What remedies are available to a civil servant who has been dismissed without recourse to the provisions of the laid down statutes?

The employee may file an action in the national industrial court and the court will determine if due process was followed in the course of the dismissal.

Where it is discovered that it was not followed, the court may order a reinstatement of the employee who holds public office for a specific tenure which was not completed at the time of the summary dismissal.

The court may also order specific performance of reinstatement to return an employee whose employment is created by a statute such as a civil servant. Where this order of specific performance is made, damages cannot also be claimed concurrently.

This employment which is protected by law/statute must be called off according to the manner prescribed by the law/statute. Failure to follow the procedure given by this law/statute, will render such termination of no effect.

An employee can be fired for gross misconduct without any notice or wages and such termination will be lawful.
What amounts to gross misconduct?

Gross misconduct can include drunkenness or drug abuse, illegal use of alcohol and drugs while at the office, fighting or using abusive words, harassing others sexually, Stealing from colleagues or the office, discriminating against others, cooking the books or inputting false records, falsifying accounts, negligent acts, bribery and corruption, refusal to take orders from superiors, disobedient to superiors, using company properties for personal business.

Gross misconduct can lead to summarily dismissing the staff but this does not mean that the staff should not be given a fair hearing before such dismissal. Failure to do so will not be in conjunction with the principles of natural justice.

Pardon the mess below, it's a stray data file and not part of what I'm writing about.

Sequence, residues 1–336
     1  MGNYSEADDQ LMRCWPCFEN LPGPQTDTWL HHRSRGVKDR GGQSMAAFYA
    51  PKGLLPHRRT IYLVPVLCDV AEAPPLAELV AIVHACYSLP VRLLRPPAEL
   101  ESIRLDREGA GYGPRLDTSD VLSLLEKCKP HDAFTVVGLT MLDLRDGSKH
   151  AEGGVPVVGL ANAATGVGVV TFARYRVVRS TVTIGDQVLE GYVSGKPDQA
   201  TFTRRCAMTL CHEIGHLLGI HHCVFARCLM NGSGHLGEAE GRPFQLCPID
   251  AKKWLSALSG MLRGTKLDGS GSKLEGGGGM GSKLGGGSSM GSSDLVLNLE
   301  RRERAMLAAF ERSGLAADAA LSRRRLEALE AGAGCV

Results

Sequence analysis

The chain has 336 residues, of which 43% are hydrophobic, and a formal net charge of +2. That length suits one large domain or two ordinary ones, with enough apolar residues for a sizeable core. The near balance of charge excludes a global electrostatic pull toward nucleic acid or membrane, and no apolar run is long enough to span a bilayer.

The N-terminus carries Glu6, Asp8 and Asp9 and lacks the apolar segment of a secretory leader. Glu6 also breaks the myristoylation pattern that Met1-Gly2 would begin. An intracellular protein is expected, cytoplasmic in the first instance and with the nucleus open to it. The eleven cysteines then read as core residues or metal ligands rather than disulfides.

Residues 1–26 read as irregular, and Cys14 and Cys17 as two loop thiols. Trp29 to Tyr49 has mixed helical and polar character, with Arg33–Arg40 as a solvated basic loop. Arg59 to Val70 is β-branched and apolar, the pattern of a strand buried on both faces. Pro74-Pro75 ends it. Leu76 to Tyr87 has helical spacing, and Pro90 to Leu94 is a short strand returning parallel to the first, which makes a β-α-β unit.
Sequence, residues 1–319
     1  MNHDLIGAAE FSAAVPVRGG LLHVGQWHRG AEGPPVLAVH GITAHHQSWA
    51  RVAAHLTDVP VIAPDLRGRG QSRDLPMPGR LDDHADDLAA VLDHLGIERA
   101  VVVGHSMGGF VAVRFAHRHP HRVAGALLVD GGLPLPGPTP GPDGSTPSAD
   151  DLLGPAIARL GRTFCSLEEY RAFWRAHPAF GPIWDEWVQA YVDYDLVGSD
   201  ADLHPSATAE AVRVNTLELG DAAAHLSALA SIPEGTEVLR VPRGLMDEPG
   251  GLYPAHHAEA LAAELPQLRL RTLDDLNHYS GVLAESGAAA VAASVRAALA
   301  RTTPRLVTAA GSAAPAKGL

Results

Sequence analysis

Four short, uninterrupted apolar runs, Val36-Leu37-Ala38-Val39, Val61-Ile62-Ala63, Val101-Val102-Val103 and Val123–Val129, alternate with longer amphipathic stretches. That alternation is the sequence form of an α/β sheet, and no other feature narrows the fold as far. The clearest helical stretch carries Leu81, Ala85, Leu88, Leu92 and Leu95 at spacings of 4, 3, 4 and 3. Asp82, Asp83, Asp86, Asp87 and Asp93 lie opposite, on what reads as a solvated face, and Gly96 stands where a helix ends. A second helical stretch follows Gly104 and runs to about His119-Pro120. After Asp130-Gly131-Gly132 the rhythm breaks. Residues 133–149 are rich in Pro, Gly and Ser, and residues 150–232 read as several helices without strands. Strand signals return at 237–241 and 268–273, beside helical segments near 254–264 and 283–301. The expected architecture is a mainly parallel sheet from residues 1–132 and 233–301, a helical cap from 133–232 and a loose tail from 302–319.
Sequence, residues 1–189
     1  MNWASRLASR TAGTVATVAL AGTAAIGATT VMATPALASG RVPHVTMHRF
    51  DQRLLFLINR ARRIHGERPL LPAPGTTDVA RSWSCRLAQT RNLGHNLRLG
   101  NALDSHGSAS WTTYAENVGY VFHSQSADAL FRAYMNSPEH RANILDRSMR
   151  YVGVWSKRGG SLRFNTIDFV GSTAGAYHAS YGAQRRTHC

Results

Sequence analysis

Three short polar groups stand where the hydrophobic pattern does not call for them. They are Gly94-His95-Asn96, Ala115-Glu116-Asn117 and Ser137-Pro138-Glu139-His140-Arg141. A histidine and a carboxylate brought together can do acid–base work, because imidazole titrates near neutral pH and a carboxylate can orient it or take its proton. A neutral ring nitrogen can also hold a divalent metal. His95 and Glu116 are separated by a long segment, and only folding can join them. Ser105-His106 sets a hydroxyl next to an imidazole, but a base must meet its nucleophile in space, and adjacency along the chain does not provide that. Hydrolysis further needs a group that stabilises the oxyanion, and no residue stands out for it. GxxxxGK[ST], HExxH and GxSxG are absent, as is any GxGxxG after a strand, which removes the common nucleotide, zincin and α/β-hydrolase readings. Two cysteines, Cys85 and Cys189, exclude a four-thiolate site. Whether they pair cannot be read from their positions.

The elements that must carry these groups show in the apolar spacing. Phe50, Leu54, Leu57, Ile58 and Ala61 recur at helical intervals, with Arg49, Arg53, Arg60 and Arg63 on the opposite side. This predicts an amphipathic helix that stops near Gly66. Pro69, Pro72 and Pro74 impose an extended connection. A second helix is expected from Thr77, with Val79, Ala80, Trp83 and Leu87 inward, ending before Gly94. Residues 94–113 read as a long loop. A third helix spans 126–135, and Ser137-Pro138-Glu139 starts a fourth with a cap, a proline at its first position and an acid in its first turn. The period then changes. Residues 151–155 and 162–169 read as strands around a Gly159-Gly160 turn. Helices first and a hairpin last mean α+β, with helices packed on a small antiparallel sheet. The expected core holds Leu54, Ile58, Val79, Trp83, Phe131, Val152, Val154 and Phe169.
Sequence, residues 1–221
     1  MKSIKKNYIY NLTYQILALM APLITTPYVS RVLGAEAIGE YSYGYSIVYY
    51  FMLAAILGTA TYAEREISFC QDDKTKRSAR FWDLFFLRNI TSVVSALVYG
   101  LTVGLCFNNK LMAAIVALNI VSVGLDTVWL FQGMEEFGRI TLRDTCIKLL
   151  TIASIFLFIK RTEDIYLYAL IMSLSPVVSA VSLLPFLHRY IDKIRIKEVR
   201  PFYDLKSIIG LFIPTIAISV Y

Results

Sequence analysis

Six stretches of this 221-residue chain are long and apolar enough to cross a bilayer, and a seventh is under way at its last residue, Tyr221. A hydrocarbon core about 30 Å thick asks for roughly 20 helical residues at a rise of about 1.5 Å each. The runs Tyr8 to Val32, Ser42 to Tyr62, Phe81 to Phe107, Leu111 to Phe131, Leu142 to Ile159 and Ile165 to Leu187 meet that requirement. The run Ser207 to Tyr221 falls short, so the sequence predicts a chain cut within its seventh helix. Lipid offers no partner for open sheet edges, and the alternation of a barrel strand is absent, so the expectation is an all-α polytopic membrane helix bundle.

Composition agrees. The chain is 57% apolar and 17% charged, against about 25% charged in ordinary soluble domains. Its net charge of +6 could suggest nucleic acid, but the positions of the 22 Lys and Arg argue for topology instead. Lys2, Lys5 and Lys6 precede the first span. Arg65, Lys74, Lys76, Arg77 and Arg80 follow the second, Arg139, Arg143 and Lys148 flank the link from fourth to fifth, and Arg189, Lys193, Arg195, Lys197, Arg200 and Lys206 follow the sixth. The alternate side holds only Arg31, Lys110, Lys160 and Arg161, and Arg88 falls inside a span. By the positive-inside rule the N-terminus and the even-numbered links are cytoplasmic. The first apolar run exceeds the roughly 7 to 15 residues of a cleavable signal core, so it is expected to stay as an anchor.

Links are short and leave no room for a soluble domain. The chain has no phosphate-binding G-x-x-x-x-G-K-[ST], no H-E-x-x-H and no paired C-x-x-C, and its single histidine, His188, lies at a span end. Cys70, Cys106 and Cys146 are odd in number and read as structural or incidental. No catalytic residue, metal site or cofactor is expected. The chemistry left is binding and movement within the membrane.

Note that, gross misconduct and crime are two different things, if an employee is facing criminal charges in court, he cannot be discharged for gross misconduct.

The reason for this is that, the terms are not interchangeable as the crime accused of does not affect the company personally.

For example, if an employee of a company fights at his home, not on office hours and is arrested, this act cannot be termed as gross misconduct.

An employer cannot institute disciplinary measure against his employee who is charged with a criminal offence. This infringes the employee’s right of being presumed innocent until proven guilty as guaranteed by the constitution.

From the Same Author: 6 Things You Should Consider Before Going to Court

My advise would be to properly examine an employment offer and check for clauses that would protect your stay in the company. Do not accept an offer just out of desperation, without even an offer letter, you are most likely to be treated badly where there are no express terms.

Copyright Warning!

Contents on this website may not be republished, reproduced, redistributed either in whole or in part without due permission or acknowledgement. All contents are protected by DMCA.
Ad:Learn Internet Business from Scratch: Register Here . Training is 100% FREE via email Only!
AD: Online Shopping - Electronics, Phones, Laptops - ShopDirect.NG

Bar. Princess Ogono is a Legal Practitioner and Content Developer at InfoGuideNigeria.com. InfoGuide Nigeria is a team of Resource Persons and Consultants led by Ifiokobong Roberts. Page maintained by Ifiokobong Roberts. If you need a personal assistance on this topic, kindly contact us.

Leave a Reply

Your email address will not be published. Required fields are marked *